Another update from the big thirsty world! Our field correspondent Breezer Marieezer checks in with her latest favorite, the Sloop Brewing Juice Bomb New England IPA (follow her on Instagram, or follow the Barley Prose Instagram page to get the latest).

Sounds like a winner to me!

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Reports from the Wild: The Astounding She-Monster Mango IPA

Pleased to present the first review from our newly appointed “reporter in the wild,” Breezer Marieezer, on a mango IPA for which she has a complicated relationship.

I’ve been attempting to lure her, one of my run club homies, here to Barley Prose to write longer form pieces, but, in the interim, I’ll be reposting these on her behalf, and with her blessing, as well as any other beers of which she might be persuaded to share her opinions.

Thanks Bree!  Keep those reviews coming in from the big bad world!

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Two Beers, One Lunch: Back to the Hops Spot (or, Good Things Come in Threes)

They say “good things come in threes.”

Three little pigs, for example.

Stooges.

Blind mice.

We Bare Bears.

Less than four bears and more than 2

And so on.

The reality is, I think, that good things come in quantities of X, and that the human brain is preconditioned to notice a pattern upon the third of three related events or outcomes.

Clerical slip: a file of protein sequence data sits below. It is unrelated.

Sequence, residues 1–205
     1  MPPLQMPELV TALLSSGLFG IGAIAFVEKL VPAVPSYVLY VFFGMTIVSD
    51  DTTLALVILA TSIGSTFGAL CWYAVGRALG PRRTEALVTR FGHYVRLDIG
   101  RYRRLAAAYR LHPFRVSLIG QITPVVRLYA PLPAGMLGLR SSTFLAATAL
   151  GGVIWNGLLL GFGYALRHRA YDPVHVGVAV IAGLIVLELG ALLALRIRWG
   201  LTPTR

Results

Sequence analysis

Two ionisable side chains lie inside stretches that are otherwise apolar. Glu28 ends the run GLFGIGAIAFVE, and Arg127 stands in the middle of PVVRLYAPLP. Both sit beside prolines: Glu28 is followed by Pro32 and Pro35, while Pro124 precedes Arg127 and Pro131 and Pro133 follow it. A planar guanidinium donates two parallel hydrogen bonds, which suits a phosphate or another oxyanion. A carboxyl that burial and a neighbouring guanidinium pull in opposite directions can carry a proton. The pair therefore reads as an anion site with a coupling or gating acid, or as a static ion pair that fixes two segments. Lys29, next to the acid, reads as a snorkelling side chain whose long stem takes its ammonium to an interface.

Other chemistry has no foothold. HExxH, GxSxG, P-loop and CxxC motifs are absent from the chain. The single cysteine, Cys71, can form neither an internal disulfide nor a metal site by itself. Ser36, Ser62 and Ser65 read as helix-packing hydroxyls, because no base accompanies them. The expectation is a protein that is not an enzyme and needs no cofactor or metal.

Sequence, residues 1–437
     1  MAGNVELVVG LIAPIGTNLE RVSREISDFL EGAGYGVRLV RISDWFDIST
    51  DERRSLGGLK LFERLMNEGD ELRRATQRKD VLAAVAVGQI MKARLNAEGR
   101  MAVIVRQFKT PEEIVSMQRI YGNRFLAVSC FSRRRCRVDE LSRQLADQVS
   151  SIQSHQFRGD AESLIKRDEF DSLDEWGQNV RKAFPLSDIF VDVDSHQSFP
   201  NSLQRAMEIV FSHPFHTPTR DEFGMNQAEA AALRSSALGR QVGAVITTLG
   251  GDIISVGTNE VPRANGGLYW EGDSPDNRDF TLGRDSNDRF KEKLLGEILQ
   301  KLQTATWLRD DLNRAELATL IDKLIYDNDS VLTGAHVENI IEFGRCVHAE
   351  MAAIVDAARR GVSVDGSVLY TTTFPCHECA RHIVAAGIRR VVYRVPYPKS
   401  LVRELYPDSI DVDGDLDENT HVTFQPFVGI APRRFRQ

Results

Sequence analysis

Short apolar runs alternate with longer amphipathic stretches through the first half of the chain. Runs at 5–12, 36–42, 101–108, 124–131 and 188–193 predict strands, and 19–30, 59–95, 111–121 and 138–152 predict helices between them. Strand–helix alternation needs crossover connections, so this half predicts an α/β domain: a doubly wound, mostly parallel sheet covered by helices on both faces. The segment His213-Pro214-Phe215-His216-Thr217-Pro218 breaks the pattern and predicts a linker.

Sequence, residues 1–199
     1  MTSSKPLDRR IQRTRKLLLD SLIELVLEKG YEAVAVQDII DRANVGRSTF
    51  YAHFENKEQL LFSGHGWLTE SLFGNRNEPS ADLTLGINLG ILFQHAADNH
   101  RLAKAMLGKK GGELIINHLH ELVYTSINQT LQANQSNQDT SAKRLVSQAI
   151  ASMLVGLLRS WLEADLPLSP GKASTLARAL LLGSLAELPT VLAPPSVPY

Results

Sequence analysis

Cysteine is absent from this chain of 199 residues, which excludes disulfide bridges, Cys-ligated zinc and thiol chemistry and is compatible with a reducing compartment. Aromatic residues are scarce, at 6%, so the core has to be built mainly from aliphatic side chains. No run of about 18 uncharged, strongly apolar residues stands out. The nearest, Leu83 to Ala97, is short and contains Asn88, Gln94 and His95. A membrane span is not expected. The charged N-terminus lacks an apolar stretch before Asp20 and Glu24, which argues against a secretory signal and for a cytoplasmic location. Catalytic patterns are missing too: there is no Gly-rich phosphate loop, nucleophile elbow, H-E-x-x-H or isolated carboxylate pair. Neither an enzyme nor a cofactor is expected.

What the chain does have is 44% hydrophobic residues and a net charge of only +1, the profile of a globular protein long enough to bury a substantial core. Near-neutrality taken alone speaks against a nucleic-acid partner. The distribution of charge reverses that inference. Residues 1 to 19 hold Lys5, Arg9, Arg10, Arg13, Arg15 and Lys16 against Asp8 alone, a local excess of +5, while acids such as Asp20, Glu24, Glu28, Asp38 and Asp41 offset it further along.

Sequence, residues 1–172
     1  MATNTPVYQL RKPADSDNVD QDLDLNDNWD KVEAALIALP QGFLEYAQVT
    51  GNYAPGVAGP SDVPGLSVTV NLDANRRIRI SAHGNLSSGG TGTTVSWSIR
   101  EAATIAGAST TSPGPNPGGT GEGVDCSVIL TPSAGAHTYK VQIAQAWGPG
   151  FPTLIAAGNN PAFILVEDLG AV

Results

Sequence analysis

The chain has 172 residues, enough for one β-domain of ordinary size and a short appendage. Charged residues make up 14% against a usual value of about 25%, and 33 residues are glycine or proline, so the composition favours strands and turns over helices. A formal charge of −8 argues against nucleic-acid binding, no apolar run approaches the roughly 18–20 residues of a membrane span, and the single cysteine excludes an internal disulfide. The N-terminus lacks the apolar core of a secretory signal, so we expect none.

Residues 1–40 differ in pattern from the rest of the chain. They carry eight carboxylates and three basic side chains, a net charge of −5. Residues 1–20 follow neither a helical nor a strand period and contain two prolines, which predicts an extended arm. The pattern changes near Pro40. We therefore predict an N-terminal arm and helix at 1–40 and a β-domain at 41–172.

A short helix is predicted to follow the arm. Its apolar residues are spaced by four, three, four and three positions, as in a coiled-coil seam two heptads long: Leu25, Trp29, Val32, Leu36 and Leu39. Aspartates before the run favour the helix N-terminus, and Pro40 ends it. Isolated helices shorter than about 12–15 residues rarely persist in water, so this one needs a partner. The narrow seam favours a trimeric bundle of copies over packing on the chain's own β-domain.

In other words, one is an accident, two is a coincidence, but three is a PATTERN.

Does that make sense?

Of course, they also say “deaths come in threes.”  So, maybe, that means deaths are good things?  That’s some grim business there, it is.

Where am I going with this?  Let’s do some arithmetic, my fine readers.

Beer + lunch + beer = 3 things I stuffed in my face

So, that’s not a death.  That’s a good thing.

And when you know a good thing, you circle back to it.  We’ve been enamored of late with our newest local poutinery, the Hops Spot, on Walton Street in Syracuse.

Read my initial review here, and educate yourself on another fine triumverate, poutine!  (Ingredients: cheese curds, fries, gravy).

We returned to the Hops Spot recently, and, despite the confirmed and re-confirmed greatness of the poutine, I decided to veer off to another part of the menu for my lunch and beer choices.

First, the warm up beer, a beautiful hazy sumbitch (read “sumbitch” in your best internal Jackie Gleason as Buford T. Justice voice).

This, my friends, is an Industrial Arts Wrench New England IPA, or NEIPA as they are sometimes abbreviated.  I know from Ceetar’s instagram posts that he’s had at least one of these in his fridge.

Hazy shade of delicious

This yummy thing, ITBMCBB*, is “A pithy explosion of aroma and flavor, beyond hazy, and loaded with Mosaic and Citra to the point of stickiness.”  So, for the record, I did not spill any of it on myself, so I will not venture a guess beyond assuming it’s not any stickier than any other beer that isn’t congealing on Ceetar’s floor.

It is, however, tart and fruity and delightful.  Much like the sours and goses I’ve been enjoying of late, it’s just got a nice bite to it.

Served in a 10 oz. glass, but with a 6.8% ABV, it’s got a decent amount of punch and I would partake of it again.

(I’ve decided, of late, that when having two beers and lunch all in one shot, to try and reach out into more of the 10 ounce portions, just because it makes for a long afternoon otherwise.  Life strategy, courtesy of the Barley Prose).